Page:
Nothingwood shines a light on Afghanistan’s oddball daredevil movie star

Filmmaker Sonia Kronlund on documenting a fascinating megalomaniac.

Salim Shaheen and Sonia Kronlund in Nothingwood

If Salim Shaheen, the subject of Sonia Kronlund’s Nothingwood, didn’t already exist, few would believe he did. Portly and middle-aged, Shaheen claims to be Afghanistan’s most prolific and famous movie star / producer / director / stuntman / martial artist. Considering the state of the war-torn country’s movie industry, he may be right; after all, Shaheen has produced over 100 films, and people do seem to recognize him when he walks down the streets. The quality of the films is iffy, at best; they’re generally simplistic action affairs starring Shaheen himself and a regular crew of cohorts. His characters often break out into song, lip-synching rather approximately and gyrating loosely to the beat. The dialogue (and plot) is pretty much made up as he goes and shaped by his eccentricities.

These days, Shaheen enjoys a more prosperous lifestyle, even if his films are generally of pretty shoddy quality, authorities are often cracking down on his illegal (and very dangerous) shoots and it’s unclear how he even makes money through the films. (They’re distributed mostly via bootlegs, it seems, and Shaheen has even heard that members of the Taliban watch and enjoy his films.)

“There are a few cinemas in Afghanistan,” says Kronlund. “There are four of them in Kabul, but they’re nowhere near what you and I understand a cinema to be. They’re very popular but somewhat dodgy places where no women are allowed. Kids show up in groups to smoke hash. People eat in there, they walk in and walk out all the time – sometimes they even get up and dance in front of the screen. It has this cabaret feel, this sort of low-down and illicit feel. They play there a little bit, and then people buy them on DVD for a dollar or two. There are three movies per DVD, and they’re fourth, fifth, sixth generation bootlegs that are circulated throughout the country. They’re on TV a little bit as well, and people watch them online.”

In a sense, what Shaheen does is not so different from what Wakaliwood does in Uganda, even if the social context is slightly different. “It’s a thing that comes up all over the world because it gets back to the roots of cinema,” Kronlund explains. “It’s getting back to the sense of play that you tapped into playing with your friends at recess. That’s what I find so touching about this film – why would you even need to make movies when your country is constantly under fire? Why do they still do it? Why do they risk their lives for this, and why do people care enough to see it? I think I know what the answer is – it’s because they see themselves reflected back on the screen. It’s something that represents them. Afghans could go see top Hollywood blockbusters, but they don’t – they go see Shaheen’s movies. Why? That’s the question I wanted to explore.”

Salim Shaheen and Qurban Ali in Nothingwood

It won’t surprise you to learn that Shaheen’s biggest fan is himself, but unlike other talent-challenged idealists like Ed Wood or Tommy Wiseau, it’s never 100 per cent clear how much Shaheen believes his own hype versus how much of it is a survival mechanism of some kind.

“I never really figured it out,” says Kronlund, a seasoned French journalist who first encountered Shaheen in her reporting. “What he says is that he’s the greatest Afghan filmmaker and all these things – he’s very megalomaniacal. There’s stuff I had to cut out – I had 150 hours of rushes for a 90-minute film – I think he really does believe he’s the most… but then again, he’s also the only one! (laughs) But Ed Wood also thought he made great movies. Salim has the same passion for making movies as Wood did – and I think that Salim isn’t particularly interested in the outcome. He’s into the energy and the action of making something. He doesn’t care about editing at all – he doesn’t even show up. He just finds pleasure, I think, in playing. He’s really like a child in that way. He’s playing at cinema.”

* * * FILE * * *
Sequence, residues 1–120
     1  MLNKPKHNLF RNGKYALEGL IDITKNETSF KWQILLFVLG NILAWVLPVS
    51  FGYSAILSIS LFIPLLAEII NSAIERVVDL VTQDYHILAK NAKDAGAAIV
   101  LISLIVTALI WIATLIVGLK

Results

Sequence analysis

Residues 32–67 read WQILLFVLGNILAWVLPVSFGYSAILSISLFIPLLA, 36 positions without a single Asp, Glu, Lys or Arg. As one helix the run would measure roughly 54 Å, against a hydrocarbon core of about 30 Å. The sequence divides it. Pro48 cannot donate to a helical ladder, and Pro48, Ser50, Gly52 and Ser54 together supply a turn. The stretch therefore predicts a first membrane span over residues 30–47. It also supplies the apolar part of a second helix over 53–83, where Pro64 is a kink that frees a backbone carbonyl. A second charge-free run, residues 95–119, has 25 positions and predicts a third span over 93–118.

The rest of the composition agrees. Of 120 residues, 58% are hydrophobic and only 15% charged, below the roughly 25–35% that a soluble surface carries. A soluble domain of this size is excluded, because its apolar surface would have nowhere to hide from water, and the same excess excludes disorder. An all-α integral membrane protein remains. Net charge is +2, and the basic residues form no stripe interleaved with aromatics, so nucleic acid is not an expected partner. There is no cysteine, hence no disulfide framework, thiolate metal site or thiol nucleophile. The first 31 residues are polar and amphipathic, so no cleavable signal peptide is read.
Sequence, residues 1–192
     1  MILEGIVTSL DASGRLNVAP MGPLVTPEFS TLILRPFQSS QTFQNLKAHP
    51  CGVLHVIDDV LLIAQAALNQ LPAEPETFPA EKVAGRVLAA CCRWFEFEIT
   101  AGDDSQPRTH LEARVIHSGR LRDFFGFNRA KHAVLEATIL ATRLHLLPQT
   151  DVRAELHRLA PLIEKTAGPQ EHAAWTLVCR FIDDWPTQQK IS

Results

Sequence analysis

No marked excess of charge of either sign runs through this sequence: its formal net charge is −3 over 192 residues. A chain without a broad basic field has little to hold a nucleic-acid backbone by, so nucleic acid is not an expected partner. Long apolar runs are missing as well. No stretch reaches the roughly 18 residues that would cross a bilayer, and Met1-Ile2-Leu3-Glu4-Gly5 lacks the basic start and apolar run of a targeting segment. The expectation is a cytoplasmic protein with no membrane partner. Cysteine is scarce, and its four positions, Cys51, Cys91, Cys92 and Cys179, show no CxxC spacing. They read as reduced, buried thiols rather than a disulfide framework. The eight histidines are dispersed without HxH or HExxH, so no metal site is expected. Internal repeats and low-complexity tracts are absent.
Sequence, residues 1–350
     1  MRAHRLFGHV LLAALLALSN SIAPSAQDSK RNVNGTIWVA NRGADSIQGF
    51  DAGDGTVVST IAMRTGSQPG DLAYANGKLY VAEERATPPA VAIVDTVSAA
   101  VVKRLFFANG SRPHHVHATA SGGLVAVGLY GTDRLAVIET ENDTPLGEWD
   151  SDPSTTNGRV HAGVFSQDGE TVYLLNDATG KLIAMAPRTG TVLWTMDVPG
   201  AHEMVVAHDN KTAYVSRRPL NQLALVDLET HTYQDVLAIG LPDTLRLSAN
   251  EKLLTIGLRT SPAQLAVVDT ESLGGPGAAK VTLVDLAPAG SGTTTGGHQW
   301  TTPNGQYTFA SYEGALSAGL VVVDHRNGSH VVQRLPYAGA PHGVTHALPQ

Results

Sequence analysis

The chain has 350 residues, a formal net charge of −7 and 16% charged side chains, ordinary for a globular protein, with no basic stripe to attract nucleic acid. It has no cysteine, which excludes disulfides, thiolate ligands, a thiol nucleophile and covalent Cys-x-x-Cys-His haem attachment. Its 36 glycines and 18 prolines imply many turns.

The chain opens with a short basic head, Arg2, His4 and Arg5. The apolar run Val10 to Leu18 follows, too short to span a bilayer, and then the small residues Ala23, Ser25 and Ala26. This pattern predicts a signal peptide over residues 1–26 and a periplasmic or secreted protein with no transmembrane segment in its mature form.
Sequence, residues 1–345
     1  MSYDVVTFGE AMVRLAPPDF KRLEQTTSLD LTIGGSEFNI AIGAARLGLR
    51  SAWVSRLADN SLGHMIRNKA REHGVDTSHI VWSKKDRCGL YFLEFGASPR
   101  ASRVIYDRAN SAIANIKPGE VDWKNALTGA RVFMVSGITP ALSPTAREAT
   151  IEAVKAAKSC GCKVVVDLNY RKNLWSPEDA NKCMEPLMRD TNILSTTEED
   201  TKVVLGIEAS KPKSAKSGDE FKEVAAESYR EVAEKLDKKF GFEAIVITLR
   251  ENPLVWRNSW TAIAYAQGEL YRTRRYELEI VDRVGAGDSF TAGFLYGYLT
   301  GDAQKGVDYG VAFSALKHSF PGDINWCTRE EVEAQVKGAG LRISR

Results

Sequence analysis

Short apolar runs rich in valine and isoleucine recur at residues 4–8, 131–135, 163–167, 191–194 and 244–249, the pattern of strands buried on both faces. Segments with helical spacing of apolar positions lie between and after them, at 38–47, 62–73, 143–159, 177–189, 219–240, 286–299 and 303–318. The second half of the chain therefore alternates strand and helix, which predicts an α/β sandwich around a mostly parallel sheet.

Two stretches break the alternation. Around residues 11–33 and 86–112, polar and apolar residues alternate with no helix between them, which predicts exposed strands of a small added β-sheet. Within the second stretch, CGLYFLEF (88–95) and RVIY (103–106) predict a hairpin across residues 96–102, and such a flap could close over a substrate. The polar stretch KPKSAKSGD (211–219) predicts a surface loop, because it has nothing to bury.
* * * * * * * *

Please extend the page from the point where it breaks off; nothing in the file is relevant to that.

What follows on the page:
Earlier in his career, Shaheen would shoot during actual attacks. Some of his early films even feature the dead bodies of his friends as props. (Kronlund casts some doubt at whether this is true – it’s Shaheen’s word against.. well…) It’s frowned upon for women to act in films in Afghan culture and, though Shaheen sometimes manages to rustle up some women to act in his films, the role usually falls on his frequent collaborator Qurban Ali. Cross-dressing and homosexuality are criminal offences in Afghanistan, but it doesn’t seem to bother Ali, who is Jack McFarland-level effeminate. (He also has a wife and a bunch of kids, mind you.)

“I asked him if he was gay – he said no,” she says. “He said, ‘I’d tell you if I was gay.’ Later, he said something funny. He said, ‘You know, in Afghanistan, there’s a difference between being a homosexual and being gay. Homosexuals just sleep with one guy, gay guys sleep with a bunch of guys.’ (laughs)”

I bring up my interpretation of a scene in which Shaheen throws a tantrum as something from his past and Kronlund just gives me a knowing smile. “The film – my film – is open enough that everyone interprets it differently,” she says. “I know why he leaves that room. But you have to keep in mind, it’s my movie. I’m happy you saw that in it, but when you make documentaries, you’re still telling a story. It’s my point of view on this guy. I don’t think it’s interesting if I tell you what was actually happening in that scene.”

Maybe Shaheen did rub off on her, just a little bit. ■

Nothingwood opens in theatres on Friday, March 23. Watch the trailer here: